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Virginia Senator Scott Surovell on Inside Scoop

(Oct. 3, 2016) Catherine Read talks with Virginia Senator Scott Surovell (SD-36) about a variety of topics in advance of the Nov. 8th elections. The presidential race between Donald Trump and Hillary Clinton has the potential to create additional electoral opportunities here in Virginia if U.S. Senator Tim Kaine of Virginia is elected Vice President. There is also a competitive Congressional race in the 10th District between two women candidates: incumbent Barbara Comstock (R) and challenger LuAnn Bennett (D).

One of the major local ballot issues in Fairfax County is the Meals Tax Referendum. The proposed tax would raise an estimated $100 million in additional revenues earmarked for the school budget, public safety, mental health services and tax relief. Senator Surovell’s district has a high number of Title I schools that would benefit from additional investment. The lack of teacher raises has made recruitment and retention of teachers an ongoing challenge for the Fairfax County Public School system. The Meals Tax is opposed by many in the restaurant industry in a campaign spearheaded by the locally owned Great American Restaurant Company.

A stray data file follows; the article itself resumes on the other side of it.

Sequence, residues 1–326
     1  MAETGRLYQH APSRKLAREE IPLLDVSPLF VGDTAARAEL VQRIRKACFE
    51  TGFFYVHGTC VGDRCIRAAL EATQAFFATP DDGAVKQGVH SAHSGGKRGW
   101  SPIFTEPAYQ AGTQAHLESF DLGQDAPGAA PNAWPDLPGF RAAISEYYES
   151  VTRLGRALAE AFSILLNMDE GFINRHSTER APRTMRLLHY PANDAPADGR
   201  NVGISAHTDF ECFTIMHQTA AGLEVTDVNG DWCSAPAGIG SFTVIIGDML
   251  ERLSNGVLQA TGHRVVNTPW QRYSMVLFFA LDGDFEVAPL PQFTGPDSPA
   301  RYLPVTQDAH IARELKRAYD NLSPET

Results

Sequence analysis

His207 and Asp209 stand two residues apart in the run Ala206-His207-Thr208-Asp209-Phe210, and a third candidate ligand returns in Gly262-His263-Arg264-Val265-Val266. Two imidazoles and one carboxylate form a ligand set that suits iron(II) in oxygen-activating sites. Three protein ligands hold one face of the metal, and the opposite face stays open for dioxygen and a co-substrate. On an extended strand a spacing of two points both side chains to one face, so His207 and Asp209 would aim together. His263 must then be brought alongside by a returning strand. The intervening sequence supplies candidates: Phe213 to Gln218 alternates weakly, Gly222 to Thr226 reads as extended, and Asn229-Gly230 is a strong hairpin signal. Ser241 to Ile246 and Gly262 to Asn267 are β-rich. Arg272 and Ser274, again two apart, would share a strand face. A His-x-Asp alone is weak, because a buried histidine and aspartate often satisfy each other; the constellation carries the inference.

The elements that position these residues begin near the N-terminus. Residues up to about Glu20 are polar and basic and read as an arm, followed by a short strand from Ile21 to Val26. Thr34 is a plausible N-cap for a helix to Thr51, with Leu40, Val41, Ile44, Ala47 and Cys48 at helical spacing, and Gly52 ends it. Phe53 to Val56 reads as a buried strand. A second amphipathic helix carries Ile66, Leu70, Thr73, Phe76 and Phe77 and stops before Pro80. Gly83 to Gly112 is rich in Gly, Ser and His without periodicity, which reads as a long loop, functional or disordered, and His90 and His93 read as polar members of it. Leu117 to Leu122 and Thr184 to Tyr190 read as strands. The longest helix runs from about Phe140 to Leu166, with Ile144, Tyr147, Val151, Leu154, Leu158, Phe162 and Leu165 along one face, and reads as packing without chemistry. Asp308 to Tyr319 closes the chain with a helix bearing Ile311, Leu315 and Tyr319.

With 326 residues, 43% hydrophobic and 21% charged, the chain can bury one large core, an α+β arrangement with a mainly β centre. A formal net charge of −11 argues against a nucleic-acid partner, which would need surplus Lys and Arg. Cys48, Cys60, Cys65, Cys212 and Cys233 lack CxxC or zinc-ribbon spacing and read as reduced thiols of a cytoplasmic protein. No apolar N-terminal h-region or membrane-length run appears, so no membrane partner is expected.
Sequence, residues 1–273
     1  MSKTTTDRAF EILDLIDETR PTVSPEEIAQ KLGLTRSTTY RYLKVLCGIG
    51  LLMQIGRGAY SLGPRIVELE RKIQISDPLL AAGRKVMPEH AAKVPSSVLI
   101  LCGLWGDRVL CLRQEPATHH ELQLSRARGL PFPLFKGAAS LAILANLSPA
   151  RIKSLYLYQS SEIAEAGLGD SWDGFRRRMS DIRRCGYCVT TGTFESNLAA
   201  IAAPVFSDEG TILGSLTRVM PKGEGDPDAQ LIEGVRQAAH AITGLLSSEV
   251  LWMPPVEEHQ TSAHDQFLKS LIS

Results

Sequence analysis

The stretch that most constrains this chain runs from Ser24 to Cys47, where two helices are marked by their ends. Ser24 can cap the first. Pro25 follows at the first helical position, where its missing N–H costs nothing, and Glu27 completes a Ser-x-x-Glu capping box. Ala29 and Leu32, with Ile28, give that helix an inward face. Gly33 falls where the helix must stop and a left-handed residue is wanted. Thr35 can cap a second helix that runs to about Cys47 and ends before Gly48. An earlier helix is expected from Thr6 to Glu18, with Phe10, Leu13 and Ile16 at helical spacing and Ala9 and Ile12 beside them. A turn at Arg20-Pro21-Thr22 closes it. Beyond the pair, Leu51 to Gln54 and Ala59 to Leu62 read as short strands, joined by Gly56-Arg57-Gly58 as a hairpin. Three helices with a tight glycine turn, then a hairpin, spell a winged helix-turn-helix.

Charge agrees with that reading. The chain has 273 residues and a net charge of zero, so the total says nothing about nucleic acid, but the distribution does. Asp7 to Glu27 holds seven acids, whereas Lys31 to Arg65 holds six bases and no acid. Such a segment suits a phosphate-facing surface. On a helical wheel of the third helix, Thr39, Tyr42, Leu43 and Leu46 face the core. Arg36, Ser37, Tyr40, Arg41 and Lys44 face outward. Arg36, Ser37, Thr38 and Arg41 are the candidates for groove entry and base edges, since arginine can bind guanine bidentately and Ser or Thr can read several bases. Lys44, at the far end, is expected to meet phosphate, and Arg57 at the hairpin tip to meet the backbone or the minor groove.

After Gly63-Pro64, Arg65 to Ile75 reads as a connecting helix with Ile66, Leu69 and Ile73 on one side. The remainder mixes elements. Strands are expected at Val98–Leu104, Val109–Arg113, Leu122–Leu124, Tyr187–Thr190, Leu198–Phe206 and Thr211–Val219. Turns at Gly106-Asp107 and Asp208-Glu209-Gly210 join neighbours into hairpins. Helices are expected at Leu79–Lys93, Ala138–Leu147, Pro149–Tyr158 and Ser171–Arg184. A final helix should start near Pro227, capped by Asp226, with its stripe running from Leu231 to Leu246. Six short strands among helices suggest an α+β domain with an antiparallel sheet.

Senator Surovell also takes us through parts of the Route 1 redevelopment plan. This particular part of Northern Virginia has some of the highest rates of poverty which greatly affects the schools, housing and transportation in the area. Senate District 36 has a great deal of economic and ethnic diversity. Sen. Surovell shows us maps, renderings and plans for redeveloping key parts of the area to include better transportation solutions and mixed use developments that provide additional housing solutions.

In the final segment, Senator Surovell discusses the Potomac water quality and the challenges of both cleaning up the waterways and protecting them from future pollution. He specifically addresses the disposal of coal ash and the problem with raw sewage originating in Alexandria. Efforts to protect the Chesapeake Bay watershed are dependent on vigilance about the waterways that feed into it.

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